king 1

Everybody chooses the kings value


68
Phase 2, Round 1

2,1,1,1,0,0 2,1,1,0,0,0
0 1
2,1,1,0,0,0
2,1,1,0,0,0 1 0
0 2
0 king 2
0
1 1
1
2,1,1,1,0,0

Everybody broadcasts
69
Phase 2, Round 1
Choose the majority

1 0

0 0
king 2

1 1
2,1,1,1,0,0

n
Each majority vote was 3 f 1 5
2
On round 2, everybody will chose the kings value 70
Phase 2, Round 2

1 0
0 0
0
0 0
0 0 king 2

1 1

The king broadcasts

71
Phase 2, Round 2

0 0

0 0
king 2

0 1

Everybody chooses the kings value

Final decision
72
Correctness of the King algorithm

Lemma 1: At the end of a phase where the


king is non-faulty, every non-faulty processor
decides the same value
Proof: Consider the end of round 1 of phase .
There are two cases:

Case 1: some node has chosen its preferred


n
value with strong majority ( f 1 votes)
2
Case 2: No node has chosen its preferred
value with strong majority
73
Case 1: suppose node ihas chosen its preferred value a
n
with strong majority ( f 1 votes)
2

At the end of round 1, every other non-


faulty node must have preferred value a
(including the king)

Explanation:
n
At least 1 non-faulty nodes must
2
have broadcasted a at start of round 1
74
At end of round 2:
If a node keeps its own value:
then decides a

If a node gets the value of the king:


then it decides a ,
since the king has decided a

Therefore: Every non-faulty node decides a


75
Case 2: No node has chosen its preferred value with
n
strong majority ( f 1 votes)
2

Every non-faulty node will adopt


the value of the king, thus all decide
on same value

END of PROOF
76
Lemma 2: Let a be a common value decided by
non-faulty processors at the end of phase .
Then, a will be preferred until the end.

Proof: After , a will always be preferred


with strong majority (i.e., > n/2+f), since:
n
n f n 2 f f f
n n
2 n n
(indeed f
4
2 f
2
2 f n
2
n 2 f
2
)
Thus, until the end of phase f+1, every
non-faulty processor decides a. END of PROOF 77
Agreement in the King algorithm
Follows from Lemma 1 and 2, observing that
since there are f+1 phases and at most f
failures, there is al least one phase in
which the king is non-faulty (and thus from
Lemma 1 at the end of that phase all non-
faulty processors decide the same, and
from Lemma 2 this will be maintained until
the end).

78
Validity in the King algorithm

Follows from the fact that if all (non-faulty)


processors have a as input, then in round 1 of
phase 1 each non-faulty processor will receive
a with strong majority, since:
n
n f f
2
and so in round 2 of phase 1 this will be
the preferred value of non-faulty
processors. From Lemma 2, this will be
maintained until the end, and will be
exactly the decided output! END of PROOF
79
Performance of King Algorithm

Number of processors: n > 4f


2(f+1) rounds
(n2 f) messages. Indeed, each non-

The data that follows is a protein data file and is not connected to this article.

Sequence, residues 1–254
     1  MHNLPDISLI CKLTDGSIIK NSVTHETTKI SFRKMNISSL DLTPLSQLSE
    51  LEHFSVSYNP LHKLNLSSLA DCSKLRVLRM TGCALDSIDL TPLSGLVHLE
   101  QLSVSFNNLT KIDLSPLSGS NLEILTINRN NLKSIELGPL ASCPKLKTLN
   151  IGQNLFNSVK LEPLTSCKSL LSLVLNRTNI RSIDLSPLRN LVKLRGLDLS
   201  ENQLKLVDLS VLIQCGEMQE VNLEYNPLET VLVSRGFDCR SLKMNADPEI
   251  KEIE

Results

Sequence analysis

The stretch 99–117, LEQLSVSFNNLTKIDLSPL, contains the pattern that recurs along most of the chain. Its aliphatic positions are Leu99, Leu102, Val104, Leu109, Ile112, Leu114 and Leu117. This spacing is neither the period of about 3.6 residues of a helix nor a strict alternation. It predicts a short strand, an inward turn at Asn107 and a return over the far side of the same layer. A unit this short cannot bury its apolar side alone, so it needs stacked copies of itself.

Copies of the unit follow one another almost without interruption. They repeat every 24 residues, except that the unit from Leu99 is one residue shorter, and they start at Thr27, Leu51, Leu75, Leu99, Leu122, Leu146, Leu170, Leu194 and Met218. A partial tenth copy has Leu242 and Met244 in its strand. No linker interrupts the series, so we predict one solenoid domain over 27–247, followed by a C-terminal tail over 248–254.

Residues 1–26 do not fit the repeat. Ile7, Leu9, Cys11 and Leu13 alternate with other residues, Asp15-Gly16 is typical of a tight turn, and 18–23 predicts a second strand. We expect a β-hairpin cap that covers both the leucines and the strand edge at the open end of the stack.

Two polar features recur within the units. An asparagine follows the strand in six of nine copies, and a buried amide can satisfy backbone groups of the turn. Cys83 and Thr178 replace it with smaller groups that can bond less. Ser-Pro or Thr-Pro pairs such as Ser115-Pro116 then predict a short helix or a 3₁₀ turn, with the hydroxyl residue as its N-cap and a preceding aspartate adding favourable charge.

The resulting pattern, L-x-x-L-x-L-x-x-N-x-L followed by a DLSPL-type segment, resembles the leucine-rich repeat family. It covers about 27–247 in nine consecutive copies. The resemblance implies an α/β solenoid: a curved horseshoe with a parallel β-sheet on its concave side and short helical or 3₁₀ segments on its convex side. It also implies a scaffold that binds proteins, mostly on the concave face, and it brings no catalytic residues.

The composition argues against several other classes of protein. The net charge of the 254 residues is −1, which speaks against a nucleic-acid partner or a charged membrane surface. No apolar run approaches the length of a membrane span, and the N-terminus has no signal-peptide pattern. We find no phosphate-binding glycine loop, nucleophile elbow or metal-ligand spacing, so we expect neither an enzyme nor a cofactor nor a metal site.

faulty node sends (n) messages in
each round, each containing a given
preference value (such value might be
not polynomial in n, by the way!)

80
An Impossibility Result

Theorem: There is no f -resilient algorithm


for n processors, where
n
f
3

Proof: First we prove the 3 processors case,


and then the general case
81
The 3 processes case

Lemma: There is no 1-resilient algorithm


for 3 processors

Proof: Assume by contradiction that there is


a 1-resilient algorithm for 3 processors
82
B(1)
Local p1
algorithm

p0 p2
A(0) C(0)

Initial value
83
1
p1

p0 p2
1 1

Decision value
84
B(1)
p1
A(1) C(1)
p0
C(0)
p2C(1)
faulty

85
1
p1
1
p0 p2
faulty

(validity condition)
86
B(0) 1
p1 p1
A(0)
A(0) C(0) 1
p0 p2 p0 p2
A(1)
faulty faulty

87
0 1
p1 p1
0 1
p0 p2 p0 p2
faulty faulty

(validity condition)
88
faulty
B(1)
p1
B(1) B(0)
A(1) p0 p2 C(0)
0 1
p1 p1
0 1
p0 p2 p0 p2
faulty faulty

89
faulty
B(1)
p1
B(1) B(0)
A(1) p0 p2 C(0)
0
B(0) B(1)
p1 1 p1
A(0) C(0) A(1) C(1)

p0 p2 0 1 p0 p2
A(1) C(0)
faulty faulty

90
faulty
p1

p0 p2
0 1 0 1
p1 p1
0 1
p0 p2 p0 p2
faulty faulty
Non-agreement!!! Contradiction, since the
algorithm was supposed to be 1-resilient
91
Therefore:

There is no algorithm that solves


consensus for 3 processors
in which 1 is a byzantine!

92
The n processors case

Assume by contradiction that


there is an f -resilient algorithm A
n
for n processors, where f
3

We will use algorithm A to solve consensus


for 3 processors and 1 failure

(contradiction)
93
p1 pn
q1 3

q0 q2 pn p2n
p 2 n pn 1
1 3 3
3

Each process q simulates algorithm A

n
on of p processors
3 94
p1 pn
q1 3

q0 q2 pn p2n
p 2 n pn 1
1 3 3
3
fails

When a q fails

n
then of p processors fail too
3 95
Finish of q1
p1 pn
k
algorithm A k k k
3

k k
all decide k

q0 k
k kk
q2 pn p2n
p 2 n pn k k 1
1 k 3 3
3
fails

algorithm A tolerates
n failures
3
96
Final decision q1
k

q0 q2
k
fails

We reached consensus with 1 failure

Impossible!!!
97
Therefore:

There is no f -resilient algorithm


for n processors, where
n
f
3

98
Exponential Tree Algorithm
This algorithm uses
f+1 rounds (optimal)
n=3f+1 processors (optimal)
exponential size messages (sub-optimal)
Each processor keeps a tree data structure
in its local state
Topologically, the tree has height f+1, and
all the leaves are at the same level
Values are filled in the tree during the f+1
rounds
At the end of round f+1, the values in the
tree are used to compute the decision. 99
Local Tree Data Structure
Each tree node is labeled with a sequence of
unique processor indices in 0,1,,n-1.
Root's label is empty sequence ; root has level 0
and height f+1;
Root (level 0) has n children, labeled 0 through n-1
Child node of the root (level 1) labeled i has n-1